Abduljabar Sa'ad had written a letter to the head of Southwestern Sana'a Court saying:

“I have been informed of your unjust six month jail sentence with suspension. Due to many reasons related to the judgment and to myself, I have decided to accept the judgment without making an appeal. I have the following reasons:

* The sentence came after a delay of several months, during which I received no response to our repeated requests to set case the case motion.

* The sentence came immediately after resorting to the President, head of the Supreme Judicial Council, and not before that

* My belief is that appeal, whatever its results will not serve justice but rather oppression.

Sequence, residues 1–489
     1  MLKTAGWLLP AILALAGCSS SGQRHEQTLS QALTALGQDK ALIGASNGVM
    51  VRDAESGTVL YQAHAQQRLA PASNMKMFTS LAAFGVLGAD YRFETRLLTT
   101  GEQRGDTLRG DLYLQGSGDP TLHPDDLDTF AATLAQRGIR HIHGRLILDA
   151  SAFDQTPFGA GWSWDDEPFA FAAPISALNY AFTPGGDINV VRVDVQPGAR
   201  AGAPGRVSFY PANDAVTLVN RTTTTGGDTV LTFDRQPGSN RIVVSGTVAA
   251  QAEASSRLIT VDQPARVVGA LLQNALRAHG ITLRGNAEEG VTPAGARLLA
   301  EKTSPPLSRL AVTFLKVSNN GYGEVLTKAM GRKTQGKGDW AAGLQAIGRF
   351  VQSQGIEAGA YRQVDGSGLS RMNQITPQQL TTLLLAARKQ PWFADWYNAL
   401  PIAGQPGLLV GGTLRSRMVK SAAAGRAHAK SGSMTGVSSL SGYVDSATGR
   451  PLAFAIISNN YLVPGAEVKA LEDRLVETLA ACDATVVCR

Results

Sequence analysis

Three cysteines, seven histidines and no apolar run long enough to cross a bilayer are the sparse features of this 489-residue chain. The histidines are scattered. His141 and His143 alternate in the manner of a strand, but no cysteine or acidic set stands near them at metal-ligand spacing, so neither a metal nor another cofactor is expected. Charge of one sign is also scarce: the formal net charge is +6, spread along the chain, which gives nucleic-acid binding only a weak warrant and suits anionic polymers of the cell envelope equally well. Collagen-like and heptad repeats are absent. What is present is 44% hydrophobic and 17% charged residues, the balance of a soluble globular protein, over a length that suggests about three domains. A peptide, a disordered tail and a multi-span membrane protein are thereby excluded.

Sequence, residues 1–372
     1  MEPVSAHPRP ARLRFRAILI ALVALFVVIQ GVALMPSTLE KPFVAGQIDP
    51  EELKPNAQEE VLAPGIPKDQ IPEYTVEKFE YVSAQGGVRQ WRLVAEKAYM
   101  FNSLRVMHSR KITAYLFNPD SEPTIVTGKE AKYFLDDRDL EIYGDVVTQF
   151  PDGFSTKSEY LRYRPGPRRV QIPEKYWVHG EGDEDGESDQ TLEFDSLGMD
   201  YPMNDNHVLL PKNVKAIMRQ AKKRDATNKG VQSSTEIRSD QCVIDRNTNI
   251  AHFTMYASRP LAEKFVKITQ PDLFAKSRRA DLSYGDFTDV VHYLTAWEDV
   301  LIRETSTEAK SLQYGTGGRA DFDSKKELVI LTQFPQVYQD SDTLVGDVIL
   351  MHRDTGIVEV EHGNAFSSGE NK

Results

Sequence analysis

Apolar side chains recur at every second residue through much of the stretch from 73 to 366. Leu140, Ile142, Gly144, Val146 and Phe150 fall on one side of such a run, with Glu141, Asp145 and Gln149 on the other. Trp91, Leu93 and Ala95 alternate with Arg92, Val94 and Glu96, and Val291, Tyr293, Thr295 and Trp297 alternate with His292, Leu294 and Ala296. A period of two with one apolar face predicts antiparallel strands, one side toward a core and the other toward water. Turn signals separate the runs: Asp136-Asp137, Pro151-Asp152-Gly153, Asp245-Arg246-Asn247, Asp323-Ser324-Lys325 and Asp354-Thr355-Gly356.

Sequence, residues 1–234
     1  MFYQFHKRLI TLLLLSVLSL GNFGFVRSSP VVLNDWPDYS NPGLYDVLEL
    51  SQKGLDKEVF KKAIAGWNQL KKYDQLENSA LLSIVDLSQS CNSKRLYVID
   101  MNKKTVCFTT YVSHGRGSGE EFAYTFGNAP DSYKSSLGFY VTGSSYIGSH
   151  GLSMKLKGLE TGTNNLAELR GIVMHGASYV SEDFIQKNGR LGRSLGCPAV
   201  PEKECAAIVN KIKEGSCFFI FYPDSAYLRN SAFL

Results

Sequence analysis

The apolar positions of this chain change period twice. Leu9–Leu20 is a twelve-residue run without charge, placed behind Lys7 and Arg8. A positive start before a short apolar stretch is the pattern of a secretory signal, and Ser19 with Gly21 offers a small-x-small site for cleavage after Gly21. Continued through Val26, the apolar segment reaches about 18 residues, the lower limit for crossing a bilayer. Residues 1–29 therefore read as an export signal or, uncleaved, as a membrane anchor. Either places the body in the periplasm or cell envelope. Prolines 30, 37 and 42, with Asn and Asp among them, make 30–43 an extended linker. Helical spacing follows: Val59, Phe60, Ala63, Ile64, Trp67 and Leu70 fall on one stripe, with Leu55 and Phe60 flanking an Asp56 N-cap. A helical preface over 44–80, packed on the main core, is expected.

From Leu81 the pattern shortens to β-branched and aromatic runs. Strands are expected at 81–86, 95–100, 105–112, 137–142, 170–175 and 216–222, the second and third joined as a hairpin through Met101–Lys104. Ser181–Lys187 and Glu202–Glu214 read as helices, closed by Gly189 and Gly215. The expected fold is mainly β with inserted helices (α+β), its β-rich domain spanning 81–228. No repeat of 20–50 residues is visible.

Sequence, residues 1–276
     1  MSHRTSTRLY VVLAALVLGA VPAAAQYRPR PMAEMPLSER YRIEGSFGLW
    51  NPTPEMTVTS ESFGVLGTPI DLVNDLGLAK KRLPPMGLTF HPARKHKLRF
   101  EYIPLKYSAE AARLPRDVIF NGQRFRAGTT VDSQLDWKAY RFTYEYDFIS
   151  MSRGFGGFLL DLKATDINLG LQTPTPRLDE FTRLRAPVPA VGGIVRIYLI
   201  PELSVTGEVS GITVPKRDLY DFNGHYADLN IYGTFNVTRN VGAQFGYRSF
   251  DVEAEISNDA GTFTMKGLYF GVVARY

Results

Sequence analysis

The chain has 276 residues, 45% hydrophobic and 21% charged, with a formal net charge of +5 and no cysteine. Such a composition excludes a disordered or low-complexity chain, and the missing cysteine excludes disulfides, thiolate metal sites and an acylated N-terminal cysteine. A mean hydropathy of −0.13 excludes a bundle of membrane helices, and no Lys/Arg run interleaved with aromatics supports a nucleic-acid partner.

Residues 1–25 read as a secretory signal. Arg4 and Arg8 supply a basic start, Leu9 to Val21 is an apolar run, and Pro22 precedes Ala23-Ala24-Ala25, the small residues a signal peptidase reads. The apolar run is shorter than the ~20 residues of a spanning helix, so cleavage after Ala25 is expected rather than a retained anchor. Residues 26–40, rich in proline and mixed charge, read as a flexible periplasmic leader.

* Finally, my suspension from my post was linked to the trial. I could not obtain from you any response to separate this from that and direct the government to cancel this arbitrary action since publication cases are not related to my public post. Fearing the continuity of the situation, and hoping to reach a settlement with responsible authorities regarding the post, I accept this oppressive sentence with contentment.”

President media aids protest

Meanwhile, a number of senior media employees at the Presidential office had protested a decision taken by the Presidential Office Manager for being transferred from the Presidential office to the Ministry of Information.

Among the four employees was Abdulrahim Mohsin who had been serving in the presidential office since 1994. Mohsin told Yemen Times that he sent a protest memo to President Saleh asking him to interfere and order their return back to their original post.

“We request the President of the Republic to Interfere and the General local and International public to condemn such action and support us in our efforts to retain our rights through the judicial system.” the memo said.